A super cute entry in Motherload, a New York Time's parenting blog, caught my attention and I wanted to share it with you... I am not supporting this mother's solution, but I do understand it.
This weekend I set all the clocks back. About 7 on Sunday night (which was feeling a whole lot like 8 to me and four cranky children), I set them forward again. But not all the way. About half an hour. Just enough to give the children a little edge on what’s always a sleepy week without my having to declare an early bedtime — and then listen to a chorus of complaint. I admit it: I lied, or at least, I created an atmosphere in which a lie was implied. But it was all for an excellent cause.
For every sleepless parent out there, there’s a sleep-deprived child, and there’s no “mother’s little helper” drug for the child who isn’t getting enough rest. Instead, there are a whole host of troubles associated with shortened sleep hours for children from preschool through adolescence.
A 1998 study of high school students found that students who received poor grades went to bed later and slept less on average than students who got A’s and B’s. I’ve seen other research suggesting that 6- and 7-year-olds who slept only eight hours a night did not perform as well on tests of their academic performance as those who slept nine hours or more. And although that study considered only a relatively small number of children in Spain, I can testify firsthand that the 5-, 6- and 7-year-olds in my home who sleep less than nine hours do not perform as well on tests of cooperation and familial cohesion. Children who have slept well are easier to be around. They bounce back more easily from crushing blows, like an empty box of Cheerios. I don’t have any doubt that they’re doing better in their classrooms and on the playground.
But sometimes, in the midst of busy schedules and family activities, I forget to do a sleep check. Like most of us, I sleep less than I’d like, and I’m more accustomed than I ought to be to “powering through” after a late night. Without even realizing it, I impose the same choices on my children (minus the coffee). It takes something like Jennifer Moses’s article “Waking Up to Young Kids’ Sleep Troubles” in the weekend’s Wall Street Journal to remind me that while my children may cheer my decision to stay an extra half-hour at the Sunday night family party or indulge the desire to put off homework until after dinner, those things have consequences that they can’t fully appreciate. They’re as desperate for good sleep as the mothers reaching for Xanax that I wrote about earlier on Monday. They just don’t know it.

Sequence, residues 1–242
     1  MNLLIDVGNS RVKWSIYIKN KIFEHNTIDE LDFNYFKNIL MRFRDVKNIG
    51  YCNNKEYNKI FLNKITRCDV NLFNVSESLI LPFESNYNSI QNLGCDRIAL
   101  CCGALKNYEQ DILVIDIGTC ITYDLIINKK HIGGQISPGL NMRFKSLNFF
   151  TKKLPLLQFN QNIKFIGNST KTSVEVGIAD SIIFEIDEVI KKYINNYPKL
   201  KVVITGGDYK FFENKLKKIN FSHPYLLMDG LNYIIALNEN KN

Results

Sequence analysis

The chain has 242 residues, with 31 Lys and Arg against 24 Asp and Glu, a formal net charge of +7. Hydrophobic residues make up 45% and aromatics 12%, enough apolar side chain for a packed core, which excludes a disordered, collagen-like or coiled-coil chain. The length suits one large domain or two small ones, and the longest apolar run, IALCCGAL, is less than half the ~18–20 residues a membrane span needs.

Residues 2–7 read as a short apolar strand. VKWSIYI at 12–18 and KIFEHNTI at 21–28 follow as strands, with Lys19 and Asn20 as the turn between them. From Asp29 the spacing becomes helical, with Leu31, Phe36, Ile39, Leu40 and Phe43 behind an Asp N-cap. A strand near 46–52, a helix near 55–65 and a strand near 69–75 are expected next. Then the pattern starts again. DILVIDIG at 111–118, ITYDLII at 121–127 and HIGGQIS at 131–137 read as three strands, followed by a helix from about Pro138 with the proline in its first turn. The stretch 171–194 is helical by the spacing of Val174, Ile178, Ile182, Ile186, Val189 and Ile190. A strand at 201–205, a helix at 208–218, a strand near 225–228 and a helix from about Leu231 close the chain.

So Sunday night I sprung forward, a few months early, in the name of not just an earlier bedtime but a peaceful version of the same. No one noticed, in spite of the fact that I didn’t change the clocks by their beds. Or if they did, while crawling, clean and warm and tired, under their covers, they didn’t say anything. Tonight it’s back to normal, which will require me to remember (and enforce) the fact that if they need to go to sleep at 8:30 p.m., they need to go brush their teeth at 8 p.m., not 8:29 p.m. Tricking them into bed (like tricking them into eating vegetables) may get them more sleep, but it skimps on the message that sleep is important. Honesty is surely a better policy. But my little subterfuge was awfully effective. Four cheerful children were up on time and even a little early for school. And I felt better, too: with the children filed away, I was in bed earlier, with no loss to my treasured wind-down time. “Bedtime Savings Time” struck me as a win-win. I’m filing it away for future use.